Changes in genetic material induced by DNA-damaging substances are of major concern for human health, since they are associated with serious adverse health effects including cancer, reproductive impairment, developmental anomalies and genetic diseases. Consequently, predictive testing of the genotoxic potential (in other words the degree at which it can damage DNA or genes) of new chemical and biological compounds (e.g. pharmaceuticals, chemicals, cosmetic ingredients, food additives) is required in most regulatory settings. The GENOMARK project, a collaborative project with the VUB (IVTD unit), aimed to develop a new test method to improve existing in vitro genotoxicity testing. In vitro tests are tests that are performed on cells that are grown and treated outside the body.
At present, most strategies to investigate the genotoxic potential of compounds are based on a “standard battery” of in vitro tests. Despite the value of this test battery, the scientific community is aware of its limitations including the high number of irrelevant positive results, meaning that compounds are in vitro identified as being genotoxic whereas in vivo they are not. These so-called false positive results have a major impact on society and industry as they trigger unnecessary follow-up testing in animals and/or result in a high number of potentially safe compounds that are restricted or even rejected. One possibility to improve the predictive capacity of in vitro genotoxicity testing is to develop a tool which contributes to the understanding of the mode of action (MOA) underlying the genotoxic activity of compounds. Such a tool would not only improve the follow-up of in vitro test results, but would also provide a way forward to develop more human-relevant methodologies for risk assessment.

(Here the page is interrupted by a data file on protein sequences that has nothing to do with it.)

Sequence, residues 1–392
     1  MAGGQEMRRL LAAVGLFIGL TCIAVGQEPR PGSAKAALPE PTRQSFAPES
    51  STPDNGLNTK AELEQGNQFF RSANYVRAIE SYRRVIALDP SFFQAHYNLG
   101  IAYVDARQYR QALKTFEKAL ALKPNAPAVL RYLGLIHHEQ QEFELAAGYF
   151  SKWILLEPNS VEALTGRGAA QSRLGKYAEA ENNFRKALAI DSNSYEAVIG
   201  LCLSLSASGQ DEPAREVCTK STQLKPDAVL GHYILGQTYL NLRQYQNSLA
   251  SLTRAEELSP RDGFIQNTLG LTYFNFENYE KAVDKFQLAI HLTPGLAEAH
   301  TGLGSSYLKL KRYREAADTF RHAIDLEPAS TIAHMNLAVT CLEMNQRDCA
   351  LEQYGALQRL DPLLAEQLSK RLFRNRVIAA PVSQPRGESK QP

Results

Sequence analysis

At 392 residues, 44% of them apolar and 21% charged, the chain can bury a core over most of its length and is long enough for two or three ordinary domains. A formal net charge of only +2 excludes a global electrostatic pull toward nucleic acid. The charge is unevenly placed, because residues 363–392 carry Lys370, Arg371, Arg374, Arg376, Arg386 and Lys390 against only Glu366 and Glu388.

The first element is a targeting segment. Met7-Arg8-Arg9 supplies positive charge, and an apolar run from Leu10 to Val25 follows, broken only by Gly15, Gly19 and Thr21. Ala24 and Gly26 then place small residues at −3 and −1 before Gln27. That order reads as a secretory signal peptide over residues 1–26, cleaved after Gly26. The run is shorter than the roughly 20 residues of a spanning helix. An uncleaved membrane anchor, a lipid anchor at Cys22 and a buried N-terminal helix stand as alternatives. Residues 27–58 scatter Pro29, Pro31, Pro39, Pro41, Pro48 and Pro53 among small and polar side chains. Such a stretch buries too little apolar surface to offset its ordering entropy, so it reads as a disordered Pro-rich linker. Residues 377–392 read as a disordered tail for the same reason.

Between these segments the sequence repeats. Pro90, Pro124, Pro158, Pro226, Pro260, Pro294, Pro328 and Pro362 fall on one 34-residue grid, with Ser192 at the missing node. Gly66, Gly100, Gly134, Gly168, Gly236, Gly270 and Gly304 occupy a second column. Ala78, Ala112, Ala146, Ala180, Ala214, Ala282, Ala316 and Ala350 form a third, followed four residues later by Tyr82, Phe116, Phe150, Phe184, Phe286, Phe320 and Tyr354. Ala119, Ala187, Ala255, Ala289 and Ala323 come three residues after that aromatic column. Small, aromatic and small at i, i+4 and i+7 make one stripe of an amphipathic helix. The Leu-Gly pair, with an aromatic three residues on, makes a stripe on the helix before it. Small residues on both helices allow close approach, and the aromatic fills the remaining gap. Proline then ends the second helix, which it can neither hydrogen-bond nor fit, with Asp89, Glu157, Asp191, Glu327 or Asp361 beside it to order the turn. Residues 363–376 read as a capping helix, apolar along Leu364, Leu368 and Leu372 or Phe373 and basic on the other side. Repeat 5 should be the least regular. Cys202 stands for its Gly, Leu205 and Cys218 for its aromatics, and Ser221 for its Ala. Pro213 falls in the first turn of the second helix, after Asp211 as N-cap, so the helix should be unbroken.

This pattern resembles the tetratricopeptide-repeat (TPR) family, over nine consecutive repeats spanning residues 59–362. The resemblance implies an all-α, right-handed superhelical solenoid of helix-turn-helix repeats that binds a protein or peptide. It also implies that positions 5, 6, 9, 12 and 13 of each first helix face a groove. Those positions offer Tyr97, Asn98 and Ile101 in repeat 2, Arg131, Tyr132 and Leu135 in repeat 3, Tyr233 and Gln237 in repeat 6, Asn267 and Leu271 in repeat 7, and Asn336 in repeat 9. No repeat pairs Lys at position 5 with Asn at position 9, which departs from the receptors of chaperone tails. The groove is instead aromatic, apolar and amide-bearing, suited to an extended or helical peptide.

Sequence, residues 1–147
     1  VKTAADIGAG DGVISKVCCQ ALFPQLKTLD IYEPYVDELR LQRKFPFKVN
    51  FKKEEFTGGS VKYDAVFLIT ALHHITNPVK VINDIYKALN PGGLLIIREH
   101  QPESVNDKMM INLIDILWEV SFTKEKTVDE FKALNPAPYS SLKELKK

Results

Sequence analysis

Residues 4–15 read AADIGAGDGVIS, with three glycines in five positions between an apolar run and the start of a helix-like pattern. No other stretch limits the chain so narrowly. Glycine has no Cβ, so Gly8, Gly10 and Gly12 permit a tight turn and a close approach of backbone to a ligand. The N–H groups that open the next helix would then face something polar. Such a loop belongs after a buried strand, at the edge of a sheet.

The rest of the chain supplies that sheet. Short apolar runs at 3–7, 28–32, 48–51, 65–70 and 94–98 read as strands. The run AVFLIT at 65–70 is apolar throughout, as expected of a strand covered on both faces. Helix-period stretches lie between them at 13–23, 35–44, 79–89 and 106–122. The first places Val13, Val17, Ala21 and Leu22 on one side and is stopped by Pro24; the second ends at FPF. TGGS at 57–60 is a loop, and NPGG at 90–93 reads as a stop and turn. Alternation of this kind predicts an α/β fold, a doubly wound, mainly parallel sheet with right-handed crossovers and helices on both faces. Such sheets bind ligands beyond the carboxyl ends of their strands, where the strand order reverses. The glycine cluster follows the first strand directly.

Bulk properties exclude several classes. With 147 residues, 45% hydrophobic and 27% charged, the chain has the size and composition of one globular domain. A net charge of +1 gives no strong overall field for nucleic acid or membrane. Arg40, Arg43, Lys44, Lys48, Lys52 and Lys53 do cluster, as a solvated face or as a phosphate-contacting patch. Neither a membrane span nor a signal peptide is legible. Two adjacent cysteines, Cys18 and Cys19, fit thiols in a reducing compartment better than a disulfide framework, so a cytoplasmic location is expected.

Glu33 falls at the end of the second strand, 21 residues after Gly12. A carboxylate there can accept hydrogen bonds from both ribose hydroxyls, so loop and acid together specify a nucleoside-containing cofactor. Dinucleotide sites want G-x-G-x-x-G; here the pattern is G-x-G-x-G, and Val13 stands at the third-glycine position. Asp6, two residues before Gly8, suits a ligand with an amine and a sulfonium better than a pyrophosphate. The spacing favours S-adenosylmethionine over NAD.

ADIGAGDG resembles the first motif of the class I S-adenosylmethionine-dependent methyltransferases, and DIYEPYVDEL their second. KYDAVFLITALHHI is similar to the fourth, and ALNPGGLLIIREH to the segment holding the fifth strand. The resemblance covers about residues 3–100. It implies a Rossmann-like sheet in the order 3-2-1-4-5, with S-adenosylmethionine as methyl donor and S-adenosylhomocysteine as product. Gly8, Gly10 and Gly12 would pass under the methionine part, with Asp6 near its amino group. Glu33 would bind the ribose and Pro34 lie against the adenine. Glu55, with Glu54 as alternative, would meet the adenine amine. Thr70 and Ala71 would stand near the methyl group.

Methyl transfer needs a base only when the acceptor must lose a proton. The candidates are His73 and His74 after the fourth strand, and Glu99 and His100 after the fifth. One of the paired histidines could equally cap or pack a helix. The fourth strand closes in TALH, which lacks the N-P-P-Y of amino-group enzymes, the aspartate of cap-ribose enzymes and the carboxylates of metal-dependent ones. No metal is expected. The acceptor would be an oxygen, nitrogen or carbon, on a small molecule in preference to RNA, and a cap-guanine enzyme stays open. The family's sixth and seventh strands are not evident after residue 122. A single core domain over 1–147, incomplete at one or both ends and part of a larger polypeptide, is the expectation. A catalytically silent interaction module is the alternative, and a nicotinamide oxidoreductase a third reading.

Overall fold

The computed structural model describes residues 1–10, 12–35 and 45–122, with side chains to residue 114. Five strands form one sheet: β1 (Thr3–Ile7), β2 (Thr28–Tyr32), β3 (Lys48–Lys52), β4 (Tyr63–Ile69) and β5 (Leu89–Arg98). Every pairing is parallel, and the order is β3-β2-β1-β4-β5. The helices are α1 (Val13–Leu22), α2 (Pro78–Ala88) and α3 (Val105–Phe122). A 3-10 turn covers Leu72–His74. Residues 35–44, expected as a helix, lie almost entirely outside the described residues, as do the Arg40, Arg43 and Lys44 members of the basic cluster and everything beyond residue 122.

The GENOMARK project therefore aimed to identify a set of genes (“gene classifier”) that are activated in human, metabolically competent HepaRG cells after exposure to a genotoxic compound based on the results of transcriptomic experiments. Afterwards, the innovative and mechanistically-based gene classifier was translated into an easy-to-handle PCR array chip. Predictivity and reproducibility of the tool were further investigated by the evaluation of an additional set of well-known genotoxic and non-genotoxic compounds. The developed PCR tool will allow fast and relatively cheap follow-up of positive in vitro genotoxicity test results. Consequently, the availability of the new in vitro tool might both speed-up drug developmental processes, and at the same time improve human safety assessment of chemicals in general by providing essential mechanistic information. Furthermore, the tool can be applied in other research projects of Sciensano.
Added value at scientific level
The project aimed to improve the specificity of the in vitro test battery for genotoxicity by using a PCR tool based on toxicogenomics. The domain of toxicogenomics is still in full development and is particularly promising for the evaluation of genotoxicity. Until now, it remains however unclear how the information generated by toxicogenomic approaches can be applied for regulatory purposes. The GENOMARK project clearly showed that the newly developed PCR tool can improve human safety assessment of chemicals in general by basing predictions on mechanistic toxicogenomics information.
Added value for public health
Within the GENOMARK project, particular care was taken to ensure that the sensitivity to detect genotoxic potential, which may have human health implications, is not compromised. On the other hand, by applying the GENOMARK tool, the availability of certain new consumer products can be advanced due to the improved time- and cost-efficacy of R&D processes.